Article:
• If you smoke, ask your doctor to help you quit. Women who smoke are more likely to experience breakthrough bleeding than are women who don’t smoke.

If breakthrough bleeding becomes heavy or lasts more than seven days in a row, contact your doctor. He or she will consider other possible causes of breakthrough bleeding, such as an infection. Depending on the circumstances, your doctor may recommend an alternative method of contraception.

Updated: 2014-11-27

Publication Date: 2014-11-27

The Best Presidents’ Day 2019 Sales

Some typical long-weekend activities can be expected this Presidents’ Day 2019—sleeping in, binge-watching Netflix, ordering takeout. But one activity in particular is my absolute favorite: shopping. With the celebration of George Washington and Abraham Lincoln’s birthdays also comes major discounts offered by top brands and retailers like Stila, Sugarfina, and more. To help you get the most bang for your buck this holiday, we’ve combed through the best holiday markdowns that will leave your shopping bags full, and your wallet, too. Just when you thought a three-day weekend couldn’t get any better than an extra day off work.


Algenist: From February 15 through February 18, buy $100 worth of products on Algenist.com and receive free shipping, three complimentary samples, and $25 off on your next purchase.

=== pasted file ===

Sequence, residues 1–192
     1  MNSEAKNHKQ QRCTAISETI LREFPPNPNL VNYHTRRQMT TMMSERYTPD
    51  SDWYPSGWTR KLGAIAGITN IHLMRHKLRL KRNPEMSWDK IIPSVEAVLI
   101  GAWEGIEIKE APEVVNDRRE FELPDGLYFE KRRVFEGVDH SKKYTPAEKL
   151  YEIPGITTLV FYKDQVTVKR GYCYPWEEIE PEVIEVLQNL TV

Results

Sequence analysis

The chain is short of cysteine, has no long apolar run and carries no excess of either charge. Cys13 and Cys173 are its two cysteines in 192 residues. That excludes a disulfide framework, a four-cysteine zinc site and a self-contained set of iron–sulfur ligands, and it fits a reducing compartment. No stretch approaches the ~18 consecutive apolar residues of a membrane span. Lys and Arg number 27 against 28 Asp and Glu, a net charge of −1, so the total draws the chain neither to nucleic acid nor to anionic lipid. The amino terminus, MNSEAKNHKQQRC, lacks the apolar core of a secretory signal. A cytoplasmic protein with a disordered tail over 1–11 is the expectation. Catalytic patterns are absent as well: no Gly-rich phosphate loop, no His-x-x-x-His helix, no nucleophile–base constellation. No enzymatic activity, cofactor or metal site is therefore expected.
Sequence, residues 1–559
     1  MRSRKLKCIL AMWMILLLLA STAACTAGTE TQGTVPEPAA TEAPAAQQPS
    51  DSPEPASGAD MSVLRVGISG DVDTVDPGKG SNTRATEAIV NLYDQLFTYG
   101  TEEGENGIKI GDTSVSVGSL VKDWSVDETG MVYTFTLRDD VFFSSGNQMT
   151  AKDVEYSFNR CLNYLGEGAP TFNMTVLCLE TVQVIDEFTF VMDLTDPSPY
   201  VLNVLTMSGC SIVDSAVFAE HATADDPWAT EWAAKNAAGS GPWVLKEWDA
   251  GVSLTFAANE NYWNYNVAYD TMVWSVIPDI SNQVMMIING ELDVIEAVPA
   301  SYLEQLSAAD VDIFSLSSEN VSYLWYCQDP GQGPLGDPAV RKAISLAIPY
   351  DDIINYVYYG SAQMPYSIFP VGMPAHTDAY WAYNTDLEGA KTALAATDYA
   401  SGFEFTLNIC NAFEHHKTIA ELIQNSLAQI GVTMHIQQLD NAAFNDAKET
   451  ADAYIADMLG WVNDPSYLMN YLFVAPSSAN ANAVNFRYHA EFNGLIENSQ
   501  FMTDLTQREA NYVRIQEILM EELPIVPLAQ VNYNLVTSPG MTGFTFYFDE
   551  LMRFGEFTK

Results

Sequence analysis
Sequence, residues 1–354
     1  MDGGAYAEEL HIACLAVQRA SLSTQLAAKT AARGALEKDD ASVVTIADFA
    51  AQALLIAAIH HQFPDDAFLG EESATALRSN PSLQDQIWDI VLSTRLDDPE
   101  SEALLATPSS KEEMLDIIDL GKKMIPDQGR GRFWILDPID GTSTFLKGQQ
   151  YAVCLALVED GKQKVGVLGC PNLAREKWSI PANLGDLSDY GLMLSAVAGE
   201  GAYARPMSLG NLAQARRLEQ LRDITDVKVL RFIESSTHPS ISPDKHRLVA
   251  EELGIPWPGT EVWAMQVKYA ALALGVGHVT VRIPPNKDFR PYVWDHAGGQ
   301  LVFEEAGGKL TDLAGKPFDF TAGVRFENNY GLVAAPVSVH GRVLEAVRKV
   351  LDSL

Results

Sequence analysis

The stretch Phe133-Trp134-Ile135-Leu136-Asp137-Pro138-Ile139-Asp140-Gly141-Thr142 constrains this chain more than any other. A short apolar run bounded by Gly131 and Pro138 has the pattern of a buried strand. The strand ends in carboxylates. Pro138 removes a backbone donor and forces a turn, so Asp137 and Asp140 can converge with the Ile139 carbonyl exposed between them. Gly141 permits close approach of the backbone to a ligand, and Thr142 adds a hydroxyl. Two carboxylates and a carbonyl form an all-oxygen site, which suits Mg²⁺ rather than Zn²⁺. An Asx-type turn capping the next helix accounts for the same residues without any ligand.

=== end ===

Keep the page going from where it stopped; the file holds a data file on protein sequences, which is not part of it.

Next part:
Inked by Dani: From February 16 through February 18, get 25 percent off sitewide with the code “INKED25.”

Stila: From February 15 through February 18, take an extra 25 percent off sale items.

The Art of Shaving: From now through February 18, get $20 off when you spend $100 or more, and get $50 off when you spend $200 or more.

Virtue: From now through February 21, take 20 percent off sitewide, plus get free shipping with the code “BDAY20.”


Adrianna Papell: From February 16 through February 18, get 20 percent off sitewide.

Lilly Pulitzer: From February 15 through February 18, get an exclusive Lilly Pulitzer golf ball set with a purchase of $75 or more, a Lilly Pulitzer Seaspray Wrap with a purchase of $200 or more, or an exclusive set of Lilly Pulitzer towels with a purchase of $500 or more.